The stock market will erase its year-to-date losses and finish the year flat, according to JPMorgan’s Marko Kolanovic.
Kolanovic reiterated his view that the US economy will avoid a recession this year as consumers remain in solid shape.
The big upside for stocks is a resolution to the Russia-Ukraine conflict, which Kolanovic expects by year-end.
The stock market is poised to erase all of its losses and finish the year flat, according to JPMorgan’s quant guru Marko Kolanvoic.
That would be quite the feat, given that the S&P 500 was down nearly 20% at its low last month as investors worry about rising inflation, higher interest rates, and the potential of an economic recession.
But Kolanovic reiterated his view in a note on Wednesday that the US will avoid a recession this year thanks to a strong US consumer, a continued post-COVID economic reopening around the world, and the reopening of China’s economy following stringent COVID-19 shutdowns.
The big risk for markets is still the ongoing Russia-Ukraine conflict, which has roiled commodity markets and led to ongoing supply chain disruptions. But Kolanovic said he expects a “settled solution” to the conflict to materialize in the second half of the year. If that’s the case, much of the commodity pressure could ease, helping tame inflation.
Also helping prop up the stock market is corporate buybacks, which are poised to hit a record annualized level of $1.2 trillion, according to Kolanovic. But investors remain concerned about the Federal Reserve’s path towards tightening monetary policy, as it kicks off its $9 trillion balance sheet reduction strategy today.
Yet, Kolanovic thinks that potential headwind is already priced into markets.
“The market already absorbed and priced in the change in monetary policy and significant tightening of financial conditions as inflation peaked or is peaking now,” Kolanovic said.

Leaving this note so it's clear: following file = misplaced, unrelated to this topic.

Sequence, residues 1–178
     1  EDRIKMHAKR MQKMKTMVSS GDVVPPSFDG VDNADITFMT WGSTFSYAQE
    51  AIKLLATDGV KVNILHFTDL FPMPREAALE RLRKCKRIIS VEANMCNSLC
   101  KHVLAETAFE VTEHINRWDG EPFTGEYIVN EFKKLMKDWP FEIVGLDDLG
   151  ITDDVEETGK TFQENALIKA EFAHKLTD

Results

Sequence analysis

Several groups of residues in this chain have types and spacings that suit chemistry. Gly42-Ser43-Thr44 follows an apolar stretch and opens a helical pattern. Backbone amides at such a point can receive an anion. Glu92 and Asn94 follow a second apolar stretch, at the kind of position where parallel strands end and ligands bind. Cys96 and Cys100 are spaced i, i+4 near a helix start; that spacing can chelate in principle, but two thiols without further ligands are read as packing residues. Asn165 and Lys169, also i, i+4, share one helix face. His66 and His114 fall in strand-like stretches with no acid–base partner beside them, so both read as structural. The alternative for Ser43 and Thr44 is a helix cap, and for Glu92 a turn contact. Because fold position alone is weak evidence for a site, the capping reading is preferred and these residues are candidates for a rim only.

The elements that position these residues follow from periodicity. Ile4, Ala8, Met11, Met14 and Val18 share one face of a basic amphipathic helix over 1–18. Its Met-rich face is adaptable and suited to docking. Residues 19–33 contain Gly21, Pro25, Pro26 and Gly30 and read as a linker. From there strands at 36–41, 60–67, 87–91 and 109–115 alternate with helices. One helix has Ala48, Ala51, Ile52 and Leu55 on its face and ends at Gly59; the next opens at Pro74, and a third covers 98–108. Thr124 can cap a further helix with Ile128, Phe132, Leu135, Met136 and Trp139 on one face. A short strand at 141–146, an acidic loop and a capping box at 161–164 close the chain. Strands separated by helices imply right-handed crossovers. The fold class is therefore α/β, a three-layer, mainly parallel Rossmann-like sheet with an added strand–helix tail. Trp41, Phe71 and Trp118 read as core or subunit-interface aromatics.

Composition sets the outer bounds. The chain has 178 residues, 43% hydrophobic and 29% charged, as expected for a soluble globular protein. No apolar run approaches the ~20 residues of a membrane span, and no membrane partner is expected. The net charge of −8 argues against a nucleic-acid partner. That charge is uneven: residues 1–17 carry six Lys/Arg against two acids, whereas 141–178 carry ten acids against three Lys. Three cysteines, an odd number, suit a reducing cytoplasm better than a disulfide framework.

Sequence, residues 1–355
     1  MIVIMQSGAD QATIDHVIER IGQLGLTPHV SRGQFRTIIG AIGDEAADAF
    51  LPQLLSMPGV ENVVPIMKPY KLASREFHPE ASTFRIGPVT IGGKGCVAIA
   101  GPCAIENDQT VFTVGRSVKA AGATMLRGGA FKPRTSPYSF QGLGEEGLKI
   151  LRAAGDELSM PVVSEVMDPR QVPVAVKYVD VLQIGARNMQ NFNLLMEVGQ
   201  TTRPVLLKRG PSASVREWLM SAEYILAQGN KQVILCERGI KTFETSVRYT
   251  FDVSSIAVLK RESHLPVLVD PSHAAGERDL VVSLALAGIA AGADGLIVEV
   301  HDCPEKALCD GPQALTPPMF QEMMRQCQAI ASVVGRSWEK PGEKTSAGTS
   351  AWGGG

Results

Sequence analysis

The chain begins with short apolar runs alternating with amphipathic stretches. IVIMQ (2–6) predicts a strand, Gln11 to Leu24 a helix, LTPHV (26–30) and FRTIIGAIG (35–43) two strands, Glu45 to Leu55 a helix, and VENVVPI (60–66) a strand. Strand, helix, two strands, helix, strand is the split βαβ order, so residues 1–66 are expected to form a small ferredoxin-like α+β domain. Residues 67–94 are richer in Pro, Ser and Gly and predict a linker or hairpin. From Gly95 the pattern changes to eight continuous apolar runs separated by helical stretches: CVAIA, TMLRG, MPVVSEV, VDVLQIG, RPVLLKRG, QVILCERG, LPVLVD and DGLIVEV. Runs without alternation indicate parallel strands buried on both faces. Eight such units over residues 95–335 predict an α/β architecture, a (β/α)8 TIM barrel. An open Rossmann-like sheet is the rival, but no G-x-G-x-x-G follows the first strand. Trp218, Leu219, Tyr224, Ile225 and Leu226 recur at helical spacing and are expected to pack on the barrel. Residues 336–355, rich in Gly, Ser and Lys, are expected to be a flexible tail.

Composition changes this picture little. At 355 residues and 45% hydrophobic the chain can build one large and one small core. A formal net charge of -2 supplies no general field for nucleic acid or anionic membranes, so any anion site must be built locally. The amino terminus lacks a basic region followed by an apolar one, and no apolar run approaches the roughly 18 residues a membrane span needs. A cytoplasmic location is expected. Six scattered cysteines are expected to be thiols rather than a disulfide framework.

And inflation is likely on the verge of peaking due to temporary and year-over-year comparable effects, which should give the Fed some breathing room to take a break in its interest rate hikes ahead of US midterm elections, according to Kolanovic.
One final boost to the stock market into year-end will be from retail investors.
“Retail buying that was last year funded with stimulus checks likely will not stop as it can now be funded by job paychecks, which is also more sustainable,” Kolanovic said.
Kolanovic’s bullish view on the stock market doesn’t mean investors should indiscriminately buy the entire market. Instead, Kolanovic advocates for investors to buy beaten down innovation stocks rather than stocks that are perceived to provide protection during an economic recession.
“While a recession (in our view) will not happen, these stocks that are trading near all-time high valuations are not a hedge for any scenario: if there is a recession, multiples will go down, and if there is no recession, there will be rotation out of these stocks into higher beta, smaller capitalization market segments in both growth and value,” Kolanovic said.
“May is a template for the year, [and] record dispersion provides opportunities,” Kolanovic concluded. The S&P 500 finished May virtually flat.
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